Unless we do not have your FAFSA information, you’ll receive a financial aid offer letter from us about two to three weeks after you receive an admission letter. You should review and accept this offer letter, which tells you what financial aid you qualify for and how to secure the loans.
We want to help you establish the best plan for financing your education and reaping the benefits of a master of legal studies degree. To get started, contact us at email@example.com or 206-398-4268.
Master of Legal Studies in Compliance and Risk Management Program
Seattle U Law’s Master of Legal Studies in Compliance and Risk Management program helps individuals who want to advance their careers and learn from respected leaders in ethics, compliance, and risk management.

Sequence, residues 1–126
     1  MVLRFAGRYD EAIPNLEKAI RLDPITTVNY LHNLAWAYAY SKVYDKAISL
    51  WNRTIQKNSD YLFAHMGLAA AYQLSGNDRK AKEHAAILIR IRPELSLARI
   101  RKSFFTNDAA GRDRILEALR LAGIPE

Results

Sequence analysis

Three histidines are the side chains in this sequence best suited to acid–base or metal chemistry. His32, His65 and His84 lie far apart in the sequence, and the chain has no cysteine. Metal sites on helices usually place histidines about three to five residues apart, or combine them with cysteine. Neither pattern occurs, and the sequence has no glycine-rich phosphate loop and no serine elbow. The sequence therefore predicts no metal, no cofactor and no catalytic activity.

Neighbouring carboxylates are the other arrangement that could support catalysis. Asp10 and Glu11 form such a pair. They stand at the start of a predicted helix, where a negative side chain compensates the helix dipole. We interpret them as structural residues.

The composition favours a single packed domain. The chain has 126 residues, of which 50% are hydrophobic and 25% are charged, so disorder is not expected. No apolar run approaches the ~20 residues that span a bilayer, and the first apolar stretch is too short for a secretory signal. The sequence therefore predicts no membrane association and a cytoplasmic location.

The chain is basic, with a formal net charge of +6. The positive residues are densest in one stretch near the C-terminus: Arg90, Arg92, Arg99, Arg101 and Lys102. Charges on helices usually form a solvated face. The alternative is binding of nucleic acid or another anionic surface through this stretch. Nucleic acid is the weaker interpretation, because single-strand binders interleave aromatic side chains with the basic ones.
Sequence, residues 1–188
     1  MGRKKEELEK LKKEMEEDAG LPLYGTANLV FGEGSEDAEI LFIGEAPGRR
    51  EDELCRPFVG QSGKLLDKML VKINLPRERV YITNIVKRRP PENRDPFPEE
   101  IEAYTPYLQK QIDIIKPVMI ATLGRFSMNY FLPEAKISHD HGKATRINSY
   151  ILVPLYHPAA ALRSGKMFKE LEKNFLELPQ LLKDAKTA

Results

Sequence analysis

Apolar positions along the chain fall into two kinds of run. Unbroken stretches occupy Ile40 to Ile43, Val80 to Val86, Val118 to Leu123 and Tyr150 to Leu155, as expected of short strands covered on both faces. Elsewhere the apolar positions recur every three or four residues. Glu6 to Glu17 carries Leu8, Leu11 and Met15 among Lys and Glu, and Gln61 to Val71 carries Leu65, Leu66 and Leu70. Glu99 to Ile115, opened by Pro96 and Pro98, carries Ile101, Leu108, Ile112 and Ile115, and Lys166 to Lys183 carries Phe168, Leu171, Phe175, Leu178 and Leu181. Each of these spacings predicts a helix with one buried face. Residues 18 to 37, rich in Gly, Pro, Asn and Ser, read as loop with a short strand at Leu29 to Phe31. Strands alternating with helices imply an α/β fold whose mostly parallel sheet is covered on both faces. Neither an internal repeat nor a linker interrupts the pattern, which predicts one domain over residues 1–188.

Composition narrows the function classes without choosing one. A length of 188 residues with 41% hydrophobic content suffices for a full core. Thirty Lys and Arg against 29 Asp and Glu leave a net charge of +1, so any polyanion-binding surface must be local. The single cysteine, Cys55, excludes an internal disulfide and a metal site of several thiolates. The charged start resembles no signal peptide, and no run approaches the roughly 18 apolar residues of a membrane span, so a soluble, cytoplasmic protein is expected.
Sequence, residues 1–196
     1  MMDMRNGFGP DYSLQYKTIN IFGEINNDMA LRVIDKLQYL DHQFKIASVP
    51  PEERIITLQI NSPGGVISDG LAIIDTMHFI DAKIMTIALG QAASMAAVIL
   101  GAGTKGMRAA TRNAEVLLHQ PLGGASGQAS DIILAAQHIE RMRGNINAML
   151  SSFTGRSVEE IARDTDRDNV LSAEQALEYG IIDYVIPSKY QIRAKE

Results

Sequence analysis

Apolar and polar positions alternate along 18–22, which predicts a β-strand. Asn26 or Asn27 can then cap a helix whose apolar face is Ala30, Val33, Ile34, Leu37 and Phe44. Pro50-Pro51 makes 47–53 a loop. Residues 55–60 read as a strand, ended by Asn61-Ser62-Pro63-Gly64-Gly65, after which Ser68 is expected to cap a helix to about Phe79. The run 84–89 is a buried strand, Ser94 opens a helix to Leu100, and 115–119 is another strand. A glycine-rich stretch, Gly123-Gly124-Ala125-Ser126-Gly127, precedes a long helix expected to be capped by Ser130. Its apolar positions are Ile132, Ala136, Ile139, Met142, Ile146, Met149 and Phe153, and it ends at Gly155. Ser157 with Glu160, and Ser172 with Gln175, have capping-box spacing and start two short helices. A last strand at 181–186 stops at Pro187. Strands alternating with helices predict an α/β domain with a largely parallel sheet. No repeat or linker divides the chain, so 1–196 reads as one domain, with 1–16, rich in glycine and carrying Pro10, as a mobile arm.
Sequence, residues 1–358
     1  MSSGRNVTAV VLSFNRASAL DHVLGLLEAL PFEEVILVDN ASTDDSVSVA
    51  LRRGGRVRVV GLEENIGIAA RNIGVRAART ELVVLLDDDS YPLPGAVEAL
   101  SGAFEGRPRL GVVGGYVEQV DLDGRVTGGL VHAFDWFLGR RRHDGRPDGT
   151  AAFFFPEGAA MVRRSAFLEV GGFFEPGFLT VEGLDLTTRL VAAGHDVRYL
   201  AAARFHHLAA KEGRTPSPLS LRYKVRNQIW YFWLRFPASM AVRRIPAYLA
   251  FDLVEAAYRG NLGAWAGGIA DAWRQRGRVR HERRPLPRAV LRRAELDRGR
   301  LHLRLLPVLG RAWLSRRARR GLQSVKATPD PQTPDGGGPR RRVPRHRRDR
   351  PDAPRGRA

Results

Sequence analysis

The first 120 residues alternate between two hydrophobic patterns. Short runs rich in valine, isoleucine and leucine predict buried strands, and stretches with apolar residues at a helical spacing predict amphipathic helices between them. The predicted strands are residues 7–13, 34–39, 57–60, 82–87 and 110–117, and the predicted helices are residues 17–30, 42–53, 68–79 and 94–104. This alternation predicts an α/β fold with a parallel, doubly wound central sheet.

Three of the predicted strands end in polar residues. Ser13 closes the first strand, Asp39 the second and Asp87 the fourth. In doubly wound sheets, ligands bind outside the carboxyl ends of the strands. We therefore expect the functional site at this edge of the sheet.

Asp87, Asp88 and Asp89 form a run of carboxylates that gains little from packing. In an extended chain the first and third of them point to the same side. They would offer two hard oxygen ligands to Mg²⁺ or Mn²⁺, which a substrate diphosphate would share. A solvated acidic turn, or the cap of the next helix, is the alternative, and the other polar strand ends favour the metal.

Depending on professional goals and interests, students in the fully online program can optionally choose to focus on financial compliance, healthcare compliance, corporate compliance, or data & cybersecurity compliance. The MLS program provides opportunities to solve problems through a legal lens and gain foundational knowledge of the law, but without a JD. It prepares graduates to lead compliance efforts in any organization, regardless of industry. Students graduate with a commanding knowledge of law, legal analysis, and the frameworks used to identify, assess, and respond to risk. The program’s values-based approach moves beyond a narrow sense of compliance and helps establish a sense of equity, justice, and inclusion.
For more information, contact us at firstname.lastname@example.org.